December 7, 2018
I can’t separate the horses from the smell of leather. Arnie’s Leather Shop stood at the end of Main Street, a weathered wood storefront with a shingled awning and shelves of Breyer model horses lined up in the picture window. Arnie, an actual cobbler, sold shoes and fixed shoes, and the side line of Breyers lured me and a few other horse-crazy kids in town into handing over whatever cash we’d scrounged together. I’d started babysitting at ten and spent every dollar I earned on horses.
Inside the store, hard carpet, fluorescent light, shadowy rows of shoes behind the counter, and the aroma of leather: earthy, animal, almost sweet, the smell of formerly-alive. I inhaled it as I ran my fingers over the horses’ muscled hindquarters, slender fetlocks and ankles, ears that curved toward a fragile tip, delicate nostril rims. My cousin’s My Little Ponies were blasphemy, a feminized grotesque, but the Breyers looked true to life. Many were modeled on real horses (Ruffian, Man O’War, Seabiscuit) or the stars of the Marguerite Henry books I devoured (Misty, Stormy, Sea Star, Sham.) The others I named myself before I introduced to them to the Breyers already lounging in the corral that occupied a third of my bedroom floor. The horses developed complex social networks, animosities and affections.
Which was the problem with Brenda Breyer. Brenda was the lone human Breyer created, a plain girl with brittle straight brown hair, blue eyeshadow, cheap boot-cut jeans, a tomato-red T-shirt, and limbs that bent poorly. She was supposed to be my avatar, but Brenda ruined everything. When her stiff plastic hand touched a horse’s sleek flank, artifice bombed the illusion. The multifacted consciousness inhabiting the horses dissolved into the plain facts: I was a kid, playing with toys. That was not the kind of real I wanted.
Breyer still makes horses, many from the same molds, but they look different now, airbrushed, overdetermined, with the whites of their eyes painted on — in real horses, a sign of fear. Like everything now, you don’t have to return to the store every week to see which ones have come in — you can buy whichever one you want online, just like you can bet on racehorses online, or even buy a living horse online. A former colleague of mine co-owns a racehorse with her husband and two other investors. The horse lives in a distant state; they’ve met him a few times, but if they walked up to his stall, inhaling the sweet musky smell of hay and warm horse and leather, and reached out a hand, I don’t think he would know who they are.
FOSSILS: INTRODUCTION | Allegra Huston on SKATAWAY JACKET | Kevin Obsatz on HOMEMADE NUNCHUKS | Ian Bogost on DESKTOP TELEPHONE | Jeff Lewonczyk on CHA-CHA JACKET SCRAP | Kelly Horan on VOLVO KEY | Sarah Rich on WESTFEST EARRINGS | Cynthia Joyce on MELODICA | Kevin Brockmeier on SALADMOBILE | Adam Harrison Levy on PASSPORT HOLDER | Marissa Frayer on BABY BLANKET | Elizabeth Foy Larsen on RML BOOKEND | Jae Nichelle on SHEET MUSIC | Sean Patrick Walsh on TYPEWRITER | Andrew Innes on BUST OF DUCK | Carla Sinclair on FACTSHEET FIVE | Chapell Ellison on SLEIGH BELL | Malcolm Evans on “QUEEN MARY” FOB | Jason Gilbert on HAND CHAIR | Karl Taro Greenfeld on OPIUM KIT | Tony Leone on MODEL TANK | Dave Boerger on TEEN BIBLE | Chelsey Johnson on BREYER HORSES | Erin M. Routson on PAPER WALLET | Alissa Walker on JUKEBOX | Adrienne Crew on FISH SCALER.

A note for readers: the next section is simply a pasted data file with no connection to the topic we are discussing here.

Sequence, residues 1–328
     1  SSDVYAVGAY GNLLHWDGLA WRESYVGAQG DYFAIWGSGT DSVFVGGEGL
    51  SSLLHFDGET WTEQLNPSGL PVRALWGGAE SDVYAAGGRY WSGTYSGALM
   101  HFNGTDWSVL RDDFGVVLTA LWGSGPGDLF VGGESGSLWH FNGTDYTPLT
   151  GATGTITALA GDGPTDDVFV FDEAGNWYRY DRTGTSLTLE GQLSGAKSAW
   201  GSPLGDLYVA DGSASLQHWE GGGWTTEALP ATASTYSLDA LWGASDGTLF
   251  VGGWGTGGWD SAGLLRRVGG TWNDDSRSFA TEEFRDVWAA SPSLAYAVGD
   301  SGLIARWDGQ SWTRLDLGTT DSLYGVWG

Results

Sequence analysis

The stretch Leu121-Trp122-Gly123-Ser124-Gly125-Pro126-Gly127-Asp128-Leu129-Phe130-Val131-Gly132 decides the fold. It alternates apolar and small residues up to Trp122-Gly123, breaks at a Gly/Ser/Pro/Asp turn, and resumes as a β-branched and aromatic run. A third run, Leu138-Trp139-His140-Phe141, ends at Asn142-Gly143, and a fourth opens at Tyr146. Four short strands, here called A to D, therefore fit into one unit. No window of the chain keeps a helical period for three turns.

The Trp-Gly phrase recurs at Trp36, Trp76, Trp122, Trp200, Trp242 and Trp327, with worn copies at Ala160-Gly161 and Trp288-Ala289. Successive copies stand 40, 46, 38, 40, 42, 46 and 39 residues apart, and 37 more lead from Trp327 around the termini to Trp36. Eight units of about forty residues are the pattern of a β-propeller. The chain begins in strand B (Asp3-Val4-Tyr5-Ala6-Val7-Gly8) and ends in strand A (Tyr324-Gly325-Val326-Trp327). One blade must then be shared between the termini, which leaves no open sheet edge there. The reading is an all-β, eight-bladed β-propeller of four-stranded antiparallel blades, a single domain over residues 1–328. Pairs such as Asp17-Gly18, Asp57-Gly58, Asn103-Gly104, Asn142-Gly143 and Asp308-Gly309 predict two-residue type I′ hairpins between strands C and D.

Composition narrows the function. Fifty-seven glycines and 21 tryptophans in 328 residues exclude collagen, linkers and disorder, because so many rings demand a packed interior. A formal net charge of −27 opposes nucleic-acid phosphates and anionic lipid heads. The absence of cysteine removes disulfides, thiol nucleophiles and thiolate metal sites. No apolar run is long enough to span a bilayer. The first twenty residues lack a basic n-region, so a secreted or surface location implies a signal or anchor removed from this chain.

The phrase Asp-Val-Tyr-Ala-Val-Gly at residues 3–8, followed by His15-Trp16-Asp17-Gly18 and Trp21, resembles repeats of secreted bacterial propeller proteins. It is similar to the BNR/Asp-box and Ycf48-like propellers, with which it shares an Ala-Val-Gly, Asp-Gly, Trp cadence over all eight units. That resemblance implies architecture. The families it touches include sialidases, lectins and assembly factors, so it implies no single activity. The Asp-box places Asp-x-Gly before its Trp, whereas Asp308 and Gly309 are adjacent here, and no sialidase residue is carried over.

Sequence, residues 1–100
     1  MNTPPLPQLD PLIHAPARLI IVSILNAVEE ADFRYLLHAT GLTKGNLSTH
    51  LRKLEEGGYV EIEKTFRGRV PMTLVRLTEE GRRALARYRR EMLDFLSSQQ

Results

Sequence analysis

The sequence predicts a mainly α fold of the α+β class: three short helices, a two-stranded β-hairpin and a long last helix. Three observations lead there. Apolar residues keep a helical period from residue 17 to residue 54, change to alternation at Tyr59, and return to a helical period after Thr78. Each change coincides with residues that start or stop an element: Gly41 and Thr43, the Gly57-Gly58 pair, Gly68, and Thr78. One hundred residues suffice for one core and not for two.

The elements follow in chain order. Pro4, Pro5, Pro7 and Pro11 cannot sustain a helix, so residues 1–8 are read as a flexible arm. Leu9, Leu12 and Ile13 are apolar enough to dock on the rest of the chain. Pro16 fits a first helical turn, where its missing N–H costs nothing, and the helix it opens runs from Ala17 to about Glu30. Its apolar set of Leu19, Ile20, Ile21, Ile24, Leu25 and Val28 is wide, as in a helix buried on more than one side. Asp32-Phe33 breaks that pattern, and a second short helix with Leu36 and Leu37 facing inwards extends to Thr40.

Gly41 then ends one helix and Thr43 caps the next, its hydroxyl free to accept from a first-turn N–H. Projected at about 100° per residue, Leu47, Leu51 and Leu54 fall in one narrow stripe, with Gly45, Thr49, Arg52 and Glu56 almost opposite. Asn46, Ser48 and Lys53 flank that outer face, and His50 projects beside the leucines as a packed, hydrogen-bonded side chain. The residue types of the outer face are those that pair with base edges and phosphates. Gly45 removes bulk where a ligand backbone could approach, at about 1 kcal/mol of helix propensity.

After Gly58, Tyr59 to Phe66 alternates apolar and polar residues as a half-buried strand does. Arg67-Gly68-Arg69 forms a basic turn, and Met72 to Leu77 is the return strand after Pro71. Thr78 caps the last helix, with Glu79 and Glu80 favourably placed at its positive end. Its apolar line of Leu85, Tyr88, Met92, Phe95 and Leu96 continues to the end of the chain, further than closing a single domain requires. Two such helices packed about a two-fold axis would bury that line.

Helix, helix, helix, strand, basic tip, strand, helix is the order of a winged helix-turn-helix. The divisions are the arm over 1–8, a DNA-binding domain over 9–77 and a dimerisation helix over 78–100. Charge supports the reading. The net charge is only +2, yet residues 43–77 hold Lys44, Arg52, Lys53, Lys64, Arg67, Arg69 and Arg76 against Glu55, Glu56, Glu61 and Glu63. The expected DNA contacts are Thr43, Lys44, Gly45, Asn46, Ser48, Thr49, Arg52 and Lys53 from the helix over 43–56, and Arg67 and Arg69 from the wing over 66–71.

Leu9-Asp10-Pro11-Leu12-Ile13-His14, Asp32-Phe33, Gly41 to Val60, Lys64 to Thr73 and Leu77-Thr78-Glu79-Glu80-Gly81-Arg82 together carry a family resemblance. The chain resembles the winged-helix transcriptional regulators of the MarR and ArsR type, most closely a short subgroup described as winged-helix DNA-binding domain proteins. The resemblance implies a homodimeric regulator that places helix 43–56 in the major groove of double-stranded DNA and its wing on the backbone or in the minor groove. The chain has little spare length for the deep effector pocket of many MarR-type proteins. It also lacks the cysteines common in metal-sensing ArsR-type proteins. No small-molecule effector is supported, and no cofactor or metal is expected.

FLAIR: INTRODUCTION | Cliff Kuang on ROLEX DATEJUST | Ethan Zuckerman on LAPTOP STICKERS | Ann Shoket on LEATHER JACKET | Kembrew McLeod on KEMBREW MERCH | Paola Antonelli on MERMAID TEARS | & 20 MORE.
LOST OBJECTS (vol. 1): INTRODUCTION | Kate Bernheimer on MULLET WIG (ill. Amy Evans) | Dan Piepenbring on COLOGNE (ill. Josh Neufeld) | Doug Dorst on STRATOCASTER (ill. John Holbo) | Paul Lukas on VANILLA BEAN (ill. Allison Bamcat) | Mimi Lipson on DODGE DART (ill. Mister Reusch) | & 20 MORE.
ILLICIT OBJECTS: INTRODUCTION | Kio Stark on PEEPSHOW TOKEN | Sari Wilson on TOMBSTONE PARTS | Annalee Newitz on CAR-BOMB REMNANT | Tito Bottitta on MOONINITE DEVICE | Eric Bennett on DIRTY MAGAZINE | & 20 MORE.
TALISMANIC OBJECTS: INTRODUCTION | Veda Hille on CROCHET SHEEP | Gary Panter on DINOSAUR BONES | Jami Attenberg on SELENITE CRYSTAL | Annie Nocenti on MINIATURE DICE | Wayne Curtis on CLOCK WINDING KEY | & 20 MORE.
POLITICAL OBJECTS: INTRODUCTION | Luc Sante on CAMPAIGN PAMPHLETS | Lydia Millet on PVC POLAR BEAR | Ben Greenman on MATCHBOX CAR | Rob Baedeker on PRESIDENTS PLACEMAT | L.A. Kauffman on WHEATPASTE POSTER | & 20 MORE.
SIGNIFICANT OBJECTS at HILOBROW: PROJECT:OBJECT homepage | PROJECT:OBJECT newsletter | PROJECT:OBJECT objects (Threadless shop — all profits donated to the ACLU) | POLITICAL OBJECTS series (1Q2017) | TALISMANIC OBJECTS series (2Q2017) | ILLICIT OBJECTS series (3Q2017) | LOST OBJECTS vol. 1 series (4Q2017) | FLAIR series (2Q2018) | FOSSIL series (4Q2018) | FETISHES series (2Q2019) | LOST OBJECTS vol. 2 series (4Q2019) | MOVIE OBJECTS series (2Q2020). ALSO SEE: SIGNIFICANT OBJECTS website | SIGNIFICANT OBJECTS collection, ed. Rob Walker and Josh Glenn (Fantagraphics, 2012) | TAKING THINGS SERIOUSLY, ed. Josh Glenn (Princeton Architectural Press, 2007) | TAKING THINGS SERIOUSLY excerpts.